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Estimates and assumptions

The preparation of the financial statements requires the Directors to apply accounting principles and methods that, in some circumstances, are based on difficulties and subjective valuations and estimates based on the historical experience and assumptions which are from time to time considered reasonable and realistic under the relative circumstances. The application of these estimates and assumptions impact upon the amounts reported in the financial statements, such as the balance sheet, the income statement and the cash flow statement, and on the disclosures in the notes to the accounts.

The accounting principles which, relating to the Company, require greater subjectivity by the Directors in the preparation of the estimates and for which a change in the underlying conditions or the assumptions may have a significant impact on the financial statements are briefly described below:

(a) Impairments

The tangible and intangible assets and investments in subsidiaries and associated companies and property investments are verified to ascertain if there has been a loss in value which is recorded by means of a write-down, when it is considered there will be difficulties in the recovery of the relative net book value through use. The verification of the existence of the above-mentioned indicators requires the Directors to make valuations based on the information available internally and from the market, as well as historical experience. In addition, when it is determined that there may be a potential reduction in value, the Company determines this through using the most appropriate technical valuation methods available. The correct identification of the indicators of the existence of a potential reduction in value as well as the estimates for their determination depends on factors which may vary over time impacting upon the valuations and estimates made by the Directors. Reference should be made in addition to the paragraph below “Impairments”.

(b) Amortisation & depreciation

Depreciation represents a significant cost for the Company. The cost of property, plant and equipment is depreciated on a straight-line basis over the estimated useful life of the relative assets and components. The useful life of the fixed assets is determined by the Directors when the fixed assets are purchased. This is based on the historical experiences for similar fixed assets, market conditions and considerations relating to future events which could have an impact on the useful life, such as changes in technology. Therefore, the effective useful life may be different from the estimated useful life. The Company periodically evaluates technological and sector changes to update the residual useful life. This periodic update could result in a change in the depreciation period and therefore in the depreciation charge in future years.

(c) Provisions for risks and charges

The Company may be subject to legal disputes, in relation to taxation or employment issues, based on particularly complex circumstances of varying degrees of uncertainty, according to the facts and circumstances, jurisdiction and laws applicable to each case.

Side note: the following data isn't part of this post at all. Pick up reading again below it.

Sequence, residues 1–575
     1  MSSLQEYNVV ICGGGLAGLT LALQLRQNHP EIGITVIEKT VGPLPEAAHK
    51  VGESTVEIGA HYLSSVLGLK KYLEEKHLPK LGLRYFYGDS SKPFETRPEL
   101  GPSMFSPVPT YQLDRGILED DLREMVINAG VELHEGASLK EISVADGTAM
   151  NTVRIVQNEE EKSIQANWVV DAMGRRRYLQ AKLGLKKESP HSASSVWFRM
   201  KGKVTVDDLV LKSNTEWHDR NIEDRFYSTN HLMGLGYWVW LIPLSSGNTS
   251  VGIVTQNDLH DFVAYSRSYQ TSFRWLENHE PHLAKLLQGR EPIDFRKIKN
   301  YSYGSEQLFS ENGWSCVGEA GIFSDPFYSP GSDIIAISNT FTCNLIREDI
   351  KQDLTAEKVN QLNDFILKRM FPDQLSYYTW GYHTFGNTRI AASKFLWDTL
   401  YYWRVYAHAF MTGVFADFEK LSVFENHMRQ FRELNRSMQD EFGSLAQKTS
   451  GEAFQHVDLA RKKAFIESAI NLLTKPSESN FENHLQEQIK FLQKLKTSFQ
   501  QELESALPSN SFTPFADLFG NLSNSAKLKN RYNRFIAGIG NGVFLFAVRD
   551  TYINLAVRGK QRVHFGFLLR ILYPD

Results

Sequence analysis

Considering the inexact nature of these issues, it is difficult to predict with certainty any future payments required.

Therefore, Management, having consulted with its legal and tax advisers, recognises a liability against these disputes when a financial payment is considered probable and the amount of the losses arising may be reasonably estimated. In the case in which a payment is considered possible, but is not yet determinable, such is reported in the explanatory notes.

Provisions are recorded against risks of a legal and tax nature and employee disputes. The amount of the provisions recorded in the financial statements relating to these risks therefore represents the best estimate at that date made by the Directors. This estimate results in the adoption of assumptions concerning factors which may change over time and which may, therefore, have significant effects compared to the present estimates made by the Directors for the preparation of the financial statements. In addition, the restoration and replacement provision of the assets under concession, recorded in accordance with IFRIC 12, includes the best estimate of the charges matured at the reporting date for scheduled maintenance in future years in order to ensure the functionality, operations and security of the assets under concession.

(d) Trade receivables

Company evaluates the expected losses on trade receivables in order to reflect, through a specific doubtful debt provision, the realisable value utilising reasonable and demonstrable information available, without excessive costs or effort at the reporting date on past events, current conditions and future economic conditions.

The doubtful debt provision represents the best estimate at the reporting date made by the Directors. This estimate is based on facts and expectations which may change over time and which may, therefore, have significant effects compared to the present estimates made by the Directives for the preparation of the separate financial statements.